Last week I went to the Dominican Republic for a much needed vacation. Contrary to popular belief, non-profit workers take time-off. Well, at least we try, I think. Truthfully, I believe everyone should take a vacation. Even if it’s only for a few days. It helps one decompress, re-charge and avoid burn-out. But, somehow on my vacation I was unable to turn off the lens of philanthropy and charity that I tend to look at the world through. Instead, I managed to find myself in the middle an uncomfortable, possibly unethical and disconcerting situation on vacation.
My friend and I signed up for an morning excursion to drive dune buggies through the Dominican countryside in Cumayasa. It seemed like a fun way to see a part of the country that we wouldn’t be able to access on our own. We were told that we would be driving on dusty roads, passing by banana fields, visiting a cave, swimming at the beach, visiting a school in a Haitian village (referred to as Batey Negro), and finally exploring an old quarry. It gave me pause that the tour operator said we would be visiting a school, but I thought it was simple a mistransaltion. Now, I’m no stranger to poverty, but being told I would get to drive through a poor village seemed unusual to say the least. However, all confusion was lost when the tour operator suggested we purchase snacks to hand out to the the children at the school. Apparently, it’s a common practice by visitors.
The day of the excursion arrived and we packed our bag with sunscreen, cameras and snacks for the children at the school. Once arriving at the location, I quickly forgot that we would be stopping in a village and focused on driving my dune buggy. After about an hour and half drive we finally made it the the village. More isolated than I expected, I realized that many of the homes were made of wood. In a tropical region, a home made of wood slats is not that weather resistant. Nonetheless, it is still a place to call home, I presume. In contrast, the one-room school was made of concrete and well-maintained. As we approached the school, children greeted us in the yard and it became evident that they are accustomed to foreigners visiting them. Moreover, some of the other people in my group seemed thrilled to be able to take photographs with the children. I didn’t feel comfortable doing so, so I took photos of their chalkboard and posters on the wall.
In all honesty, it reminded of a “Feed the Children” commercial but I couldn’t turn it off. A sinking feeling started to develop inside me. It just didn’t feel right to be there. Standing inside the large room, a list of questions began to surface in my mind. Simply put, I never thought I would become a poverty or slumdog tourist but at that moment I was standing in one-room school posing for a group picture and wondering why I felt terrible.
Isn’t it rude to visit an elementary school to parade strangers through this classroom? Is this an effort to show how poor this community is or is it an attempt to let foreigners gain a better understanding of the region? Would something like this ever happen in America? Why are the children fighting over the pens and snacks we brought for them? Am I only one that thinks this is perfect example of poverty tourism? Or am overreacting?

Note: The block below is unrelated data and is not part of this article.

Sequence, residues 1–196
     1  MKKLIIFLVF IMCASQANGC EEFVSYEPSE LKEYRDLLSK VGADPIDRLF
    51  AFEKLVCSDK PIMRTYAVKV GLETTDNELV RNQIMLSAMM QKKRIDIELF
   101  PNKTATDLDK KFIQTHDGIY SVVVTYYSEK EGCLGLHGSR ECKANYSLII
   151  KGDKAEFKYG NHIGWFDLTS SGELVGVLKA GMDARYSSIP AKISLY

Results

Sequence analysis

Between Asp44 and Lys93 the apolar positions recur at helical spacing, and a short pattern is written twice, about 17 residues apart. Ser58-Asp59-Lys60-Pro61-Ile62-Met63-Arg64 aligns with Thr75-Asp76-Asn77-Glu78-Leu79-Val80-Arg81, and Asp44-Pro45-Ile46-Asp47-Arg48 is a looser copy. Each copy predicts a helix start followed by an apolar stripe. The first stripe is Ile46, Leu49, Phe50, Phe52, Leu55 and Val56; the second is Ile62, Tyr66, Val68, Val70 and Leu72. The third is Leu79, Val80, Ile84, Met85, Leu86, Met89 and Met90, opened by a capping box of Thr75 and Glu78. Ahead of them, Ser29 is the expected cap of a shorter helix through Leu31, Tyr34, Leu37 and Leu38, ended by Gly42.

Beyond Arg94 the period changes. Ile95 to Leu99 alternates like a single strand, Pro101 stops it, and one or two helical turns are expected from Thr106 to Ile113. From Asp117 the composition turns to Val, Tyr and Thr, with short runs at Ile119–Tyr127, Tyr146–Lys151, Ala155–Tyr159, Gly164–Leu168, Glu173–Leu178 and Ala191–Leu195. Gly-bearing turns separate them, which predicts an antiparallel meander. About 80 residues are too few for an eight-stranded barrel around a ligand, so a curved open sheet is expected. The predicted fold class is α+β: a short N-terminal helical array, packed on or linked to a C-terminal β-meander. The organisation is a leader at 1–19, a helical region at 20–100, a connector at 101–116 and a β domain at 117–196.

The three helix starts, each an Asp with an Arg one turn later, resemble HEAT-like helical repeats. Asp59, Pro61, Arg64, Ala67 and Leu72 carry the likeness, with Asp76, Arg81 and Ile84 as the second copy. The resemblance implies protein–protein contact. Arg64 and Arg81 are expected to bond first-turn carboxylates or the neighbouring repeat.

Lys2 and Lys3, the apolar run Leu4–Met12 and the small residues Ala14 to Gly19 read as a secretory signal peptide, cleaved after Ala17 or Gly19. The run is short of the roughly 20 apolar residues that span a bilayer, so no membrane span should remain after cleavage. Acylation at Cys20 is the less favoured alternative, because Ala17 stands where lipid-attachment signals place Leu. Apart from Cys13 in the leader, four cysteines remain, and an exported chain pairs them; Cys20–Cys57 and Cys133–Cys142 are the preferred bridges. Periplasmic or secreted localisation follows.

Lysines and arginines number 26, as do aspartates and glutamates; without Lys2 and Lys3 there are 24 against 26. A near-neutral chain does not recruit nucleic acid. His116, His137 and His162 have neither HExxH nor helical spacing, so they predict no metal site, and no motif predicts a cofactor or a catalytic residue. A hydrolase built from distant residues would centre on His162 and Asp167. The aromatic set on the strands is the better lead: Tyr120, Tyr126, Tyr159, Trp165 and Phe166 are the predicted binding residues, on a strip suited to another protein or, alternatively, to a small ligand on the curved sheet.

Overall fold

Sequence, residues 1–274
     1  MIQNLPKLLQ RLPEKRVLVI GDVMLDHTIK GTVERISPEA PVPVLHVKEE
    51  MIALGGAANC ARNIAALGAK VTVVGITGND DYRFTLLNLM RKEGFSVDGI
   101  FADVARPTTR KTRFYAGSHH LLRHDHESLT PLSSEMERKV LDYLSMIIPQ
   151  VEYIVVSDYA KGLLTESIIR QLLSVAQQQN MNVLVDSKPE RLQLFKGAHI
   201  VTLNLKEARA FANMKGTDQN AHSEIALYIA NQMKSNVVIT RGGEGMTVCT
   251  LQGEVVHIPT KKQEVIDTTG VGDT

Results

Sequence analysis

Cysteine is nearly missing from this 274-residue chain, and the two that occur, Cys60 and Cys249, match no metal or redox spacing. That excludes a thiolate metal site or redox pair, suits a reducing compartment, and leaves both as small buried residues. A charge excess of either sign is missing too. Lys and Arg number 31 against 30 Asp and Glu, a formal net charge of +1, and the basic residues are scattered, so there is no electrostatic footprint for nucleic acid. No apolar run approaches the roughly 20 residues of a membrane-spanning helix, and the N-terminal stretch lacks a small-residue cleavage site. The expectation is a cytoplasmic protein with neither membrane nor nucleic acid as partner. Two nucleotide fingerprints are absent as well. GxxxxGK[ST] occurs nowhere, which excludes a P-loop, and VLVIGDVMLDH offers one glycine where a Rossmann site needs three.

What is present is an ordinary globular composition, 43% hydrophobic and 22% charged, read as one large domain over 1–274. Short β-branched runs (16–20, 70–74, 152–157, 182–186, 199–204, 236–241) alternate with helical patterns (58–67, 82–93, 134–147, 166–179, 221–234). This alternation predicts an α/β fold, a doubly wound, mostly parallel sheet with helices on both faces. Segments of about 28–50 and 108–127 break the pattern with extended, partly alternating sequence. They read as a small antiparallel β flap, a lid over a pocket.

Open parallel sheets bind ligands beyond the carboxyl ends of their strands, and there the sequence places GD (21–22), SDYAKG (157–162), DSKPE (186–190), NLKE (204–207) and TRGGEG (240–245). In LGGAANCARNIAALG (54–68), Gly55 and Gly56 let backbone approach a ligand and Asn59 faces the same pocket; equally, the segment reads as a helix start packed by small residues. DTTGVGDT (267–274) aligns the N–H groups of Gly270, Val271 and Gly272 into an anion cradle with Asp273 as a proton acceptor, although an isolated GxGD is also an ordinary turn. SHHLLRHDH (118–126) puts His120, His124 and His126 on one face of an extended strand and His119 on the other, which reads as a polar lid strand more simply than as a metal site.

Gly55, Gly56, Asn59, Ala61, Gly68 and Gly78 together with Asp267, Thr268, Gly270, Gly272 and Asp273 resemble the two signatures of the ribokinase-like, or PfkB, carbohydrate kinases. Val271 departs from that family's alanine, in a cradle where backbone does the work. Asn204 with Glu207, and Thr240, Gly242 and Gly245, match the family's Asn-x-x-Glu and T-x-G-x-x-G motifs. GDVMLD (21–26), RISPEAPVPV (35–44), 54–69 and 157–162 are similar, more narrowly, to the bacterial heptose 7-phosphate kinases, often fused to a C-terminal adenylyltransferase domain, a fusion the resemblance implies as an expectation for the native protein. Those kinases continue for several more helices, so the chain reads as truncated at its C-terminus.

Save for my friend, the rest of the group appeared unfazed by the stop at the village. Others appeared to enjoy the visit. I did not.
In attempt to understand this a bit more I did some research and learned that this subject has been heavily debated in the non-profit/development blogger sphere. For example, Good Intents has a compilation post about the debate. But, I found Kennedy Odede’s NYT Op-Ed to reflect my experience the most. “Slum tourism turns poverty into entertainment, something that can be momentarily experienced and then escaped from.” And honestly, that is what it felt like. I wasn’t spurred to action to help get better living conditions to the village. Instead, I left with a heavy conscience and a sense of helplessness. I simply felt that this specific part of the tour was probably doing more harm than good.
“Aside from the occasional comment, there is no dialogue established, no conversation begun. Slum tourism is a one-way street: They get photos; we lose a piece of our dignity. Slums will not go away because a few dozen Americans or Europeans spent a morning walking around them. There are solutions to our problems — but they won’t come about through tours.”
As Obede’s conclusion explains, there was no dialogue between us and the village residents, the schoolteacher or the children. Perhaps, I’m idealistic but I think the least we could have done as a group was introduce ourselves.
Readers, what do you think about visiting distressed areas in developing countries? How could this visit have been conducted better? Do you believe I am being too critical? Or am I missing the greater meaning of our visit to the Haitian village?